But admit it: at the first whistle, we all paid attention, to a part of the world that would usually prefer us all to butt out.
“butt out,” Harlem Rep. Charlie Rangel advised the Obama White House.
So much for all those conservatives who want the federal government to butt out and let local jurisdictions rule.
The Russian response has been just as predictable: “butt out.”
But two brave state residents have told the city of Sandy Springs to butt out of their bedroom purchases.
If we so elect we may butt out our brains against it, and be none the better off.
She shook her head and he put the butt out delicately, to save it.
Now, stubborn facts are like stone walls, against which theories often butt out their beauty and their power.
Then, suddenly, he flung down his cigarette and ground the butt out quickly.
Hosford finished his cigar, and when he tossed the butt out through the opened window, Brouillard hoped he was going.
"thick end," c.1400, butte, which probably is related to Middle Dutch and Dutch bot, Low German butt "blunt, dull," Old Norse bauta (see beat (v.)). Or related somehow to Old English buttuc "end, small piece of land," and Old Norse butr "short." In sense of "human posterior" it is recorded from mid-15c. Meaning "remainder of a smoked cigarette" first recorded 1847.
"liquor barrel," late 14c., from Anglo-French but and Old French bot "barrel, wineskin" (14c., Modern French botte), from Late Latin buttis "cask" (see bottle (n.)). Cognate with Spanish and Portuguese bota, Italian botte. Usually a cask holding 108 to 140 gallons, or roughly two hogsheads, but the measure varied greatly.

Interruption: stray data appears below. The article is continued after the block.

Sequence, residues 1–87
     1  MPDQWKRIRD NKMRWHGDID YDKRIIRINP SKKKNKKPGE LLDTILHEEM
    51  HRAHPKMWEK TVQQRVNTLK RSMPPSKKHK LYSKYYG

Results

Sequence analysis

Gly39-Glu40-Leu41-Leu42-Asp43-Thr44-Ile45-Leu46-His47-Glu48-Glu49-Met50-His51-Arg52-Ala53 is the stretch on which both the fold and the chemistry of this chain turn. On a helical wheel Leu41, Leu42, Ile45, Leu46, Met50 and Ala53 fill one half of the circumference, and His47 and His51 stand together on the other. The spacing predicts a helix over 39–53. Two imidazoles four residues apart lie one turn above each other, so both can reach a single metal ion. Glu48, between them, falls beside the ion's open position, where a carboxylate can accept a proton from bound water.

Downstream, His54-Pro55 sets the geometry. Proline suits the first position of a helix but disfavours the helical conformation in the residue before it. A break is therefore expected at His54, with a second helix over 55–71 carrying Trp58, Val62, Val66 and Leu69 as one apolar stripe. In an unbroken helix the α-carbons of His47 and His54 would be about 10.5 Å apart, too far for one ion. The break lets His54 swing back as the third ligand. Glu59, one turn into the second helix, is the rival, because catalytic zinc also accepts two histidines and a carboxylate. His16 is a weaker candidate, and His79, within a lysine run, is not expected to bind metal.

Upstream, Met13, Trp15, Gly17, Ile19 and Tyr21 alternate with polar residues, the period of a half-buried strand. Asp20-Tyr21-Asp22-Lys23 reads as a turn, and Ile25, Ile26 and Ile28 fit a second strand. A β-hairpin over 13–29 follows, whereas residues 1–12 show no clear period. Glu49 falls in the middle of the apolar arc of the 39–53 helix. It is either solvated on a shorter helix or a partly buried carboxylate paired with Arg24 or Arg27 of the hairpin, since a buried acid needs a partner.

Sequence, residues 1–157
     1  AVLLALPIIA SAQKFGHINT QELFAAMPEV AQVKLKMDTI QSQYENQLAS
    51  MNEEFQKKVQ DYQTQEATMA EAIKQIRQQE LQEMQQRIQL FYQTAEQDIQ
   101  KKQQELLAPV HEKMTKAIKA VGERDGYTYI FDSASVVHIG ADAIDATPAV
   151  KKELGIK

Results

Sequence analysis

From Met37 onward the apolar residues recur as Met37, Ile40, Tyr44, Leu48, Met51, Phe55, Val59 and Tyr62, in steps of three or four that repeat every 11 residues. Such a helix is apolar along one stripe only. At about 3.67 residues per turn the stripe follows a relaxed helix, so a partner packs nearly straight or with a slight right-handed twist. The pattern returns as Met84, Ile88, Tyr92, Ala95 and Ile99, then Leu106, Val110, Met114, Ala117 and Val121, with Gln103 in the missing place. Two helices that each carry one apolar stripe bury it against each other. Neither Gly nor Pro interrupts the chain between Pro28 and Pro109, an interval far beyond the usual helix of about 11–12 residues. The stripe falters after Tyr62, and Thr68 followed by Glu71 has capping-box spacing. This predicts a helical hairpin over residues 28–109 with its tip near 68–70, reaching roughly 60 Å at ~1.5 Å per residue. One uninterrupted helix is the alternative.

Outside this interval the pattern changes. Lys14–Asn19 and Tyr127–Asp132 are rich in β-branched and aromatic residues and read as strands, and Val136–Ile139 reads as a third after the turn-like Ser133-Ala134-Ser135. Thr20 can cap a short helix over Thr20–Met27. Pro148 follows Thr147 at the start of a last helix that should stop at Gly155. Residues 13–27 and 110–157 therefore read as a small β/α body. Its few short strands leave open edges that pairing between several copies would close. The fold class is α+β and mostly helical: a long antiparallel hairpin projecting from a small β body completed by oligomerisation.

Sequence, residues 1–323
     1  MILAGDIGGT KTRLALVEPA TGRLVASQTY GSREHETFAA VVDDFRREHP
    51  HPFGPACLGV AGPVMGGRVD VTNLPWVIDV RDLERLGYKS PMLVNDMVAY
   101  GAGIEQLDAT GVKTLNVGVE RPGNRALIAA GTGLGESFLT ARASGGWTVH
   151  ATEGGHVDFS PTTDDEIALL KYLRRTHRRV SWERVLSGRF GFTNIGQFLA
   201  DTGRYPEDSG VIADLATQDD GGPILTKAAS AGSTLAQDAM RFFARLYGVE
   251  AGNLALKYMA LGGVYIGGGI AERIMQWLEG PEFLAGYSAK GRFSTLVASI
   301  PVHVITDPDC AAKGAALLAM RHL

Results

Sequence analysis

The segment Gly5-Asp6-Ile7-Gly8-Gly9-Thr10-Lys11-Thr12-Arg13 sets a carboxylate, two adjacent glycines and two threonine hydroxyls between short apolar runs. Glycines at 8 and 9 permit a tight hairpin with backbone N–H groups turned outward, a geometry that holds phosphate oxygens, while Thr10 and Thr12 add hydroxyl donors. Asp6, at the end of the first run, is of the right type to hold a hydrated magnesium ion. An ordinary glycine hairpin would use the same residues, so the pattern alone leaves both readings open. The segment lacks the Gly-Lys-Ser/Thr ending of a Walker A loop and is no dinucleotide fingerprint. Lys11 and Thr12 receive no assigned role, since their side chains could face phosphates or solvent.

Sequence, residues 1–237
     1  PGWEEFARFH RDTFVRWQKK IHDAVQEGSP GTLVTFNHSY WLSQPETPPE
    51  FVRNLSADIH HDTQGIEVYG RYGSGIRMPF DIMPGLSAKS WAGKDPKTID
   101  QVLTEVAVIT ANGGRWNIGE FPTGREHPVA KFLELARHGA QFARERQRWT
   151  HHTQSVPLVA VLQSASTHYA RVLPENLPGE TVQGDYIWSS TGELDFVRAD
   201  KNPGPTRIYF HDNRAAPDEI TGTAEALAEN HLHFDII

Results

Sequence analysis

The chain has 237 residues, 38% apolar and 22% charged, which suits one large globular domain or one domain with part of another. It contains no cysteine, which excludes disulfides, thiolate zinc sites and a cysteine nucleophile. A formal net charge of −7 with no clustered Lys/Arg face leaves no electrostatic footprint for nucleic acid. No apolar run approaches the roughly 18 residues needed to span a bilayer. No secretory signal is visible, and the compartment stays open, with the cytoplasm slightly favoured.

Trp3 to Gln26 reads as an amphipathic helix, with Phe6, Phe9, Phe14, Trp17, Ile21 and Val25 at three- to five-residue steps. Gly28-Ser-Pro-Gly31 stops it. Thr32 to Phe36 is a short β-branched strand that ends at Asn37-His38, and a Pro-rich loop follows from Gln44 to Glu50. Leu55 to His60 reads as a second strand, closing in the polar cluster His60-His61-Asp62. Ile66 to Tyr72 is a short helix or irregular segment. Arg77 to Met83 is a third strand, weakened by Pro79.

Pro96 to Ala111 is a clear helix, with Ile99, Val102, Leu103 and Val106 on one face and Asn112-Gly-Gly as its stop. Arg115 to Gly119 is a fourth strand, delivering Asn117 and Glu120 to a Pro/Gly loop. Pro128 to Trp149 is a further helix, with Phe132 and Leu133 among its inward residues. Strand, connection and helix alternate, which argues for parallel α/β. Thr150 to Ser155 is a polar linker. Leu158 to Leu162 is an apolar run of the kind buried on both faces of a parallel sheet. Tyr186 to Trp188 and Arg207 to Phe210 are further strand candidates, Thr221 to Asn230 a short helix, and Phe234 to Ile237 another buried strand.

"target of a joke," 1610s, originally "target for shooting practice" (mid-14c.), from Old French but "aim, goal, end, target (of an arrow, etc.)," 13c., which seems to be a fusion of Old French words for "end" (bout) and "aim, goal" (but), both ultimately from Germanic. The latter is from Frankish *but "stump, stock, block," or some other Germanic source (cf. Old Norse butr "log of wood"), which would connect it with butt (n.1).
"flat fish," c.1300, a general Germanic name applied to various kinds of flat fishes; cf. Old Swedish but "flatfish," German Butte, Dutch bot, perhaps ultimately related to butt (n.1). "Hence butt-woman, who sells these, a fish-wife." [OED]
"hit with the head," c.1200, from Anglo-French buter, from Old French boter "to push, shove, knock; to thrust against," from Frankish or another Germanic source (cf. Old Norse bauta, Low German boten "to strike, beat"), from Proto-Germanic *butan, from PIE root *bhau- "to strike" (see batter (v.)). Related: Butted; butting. To butt in "rudely intrude" is American English, attested from 1900.
Bad; undesirable (1990s+ Students)
Very; extremely; stone: That furniture is butt ugly (1980s+ Students)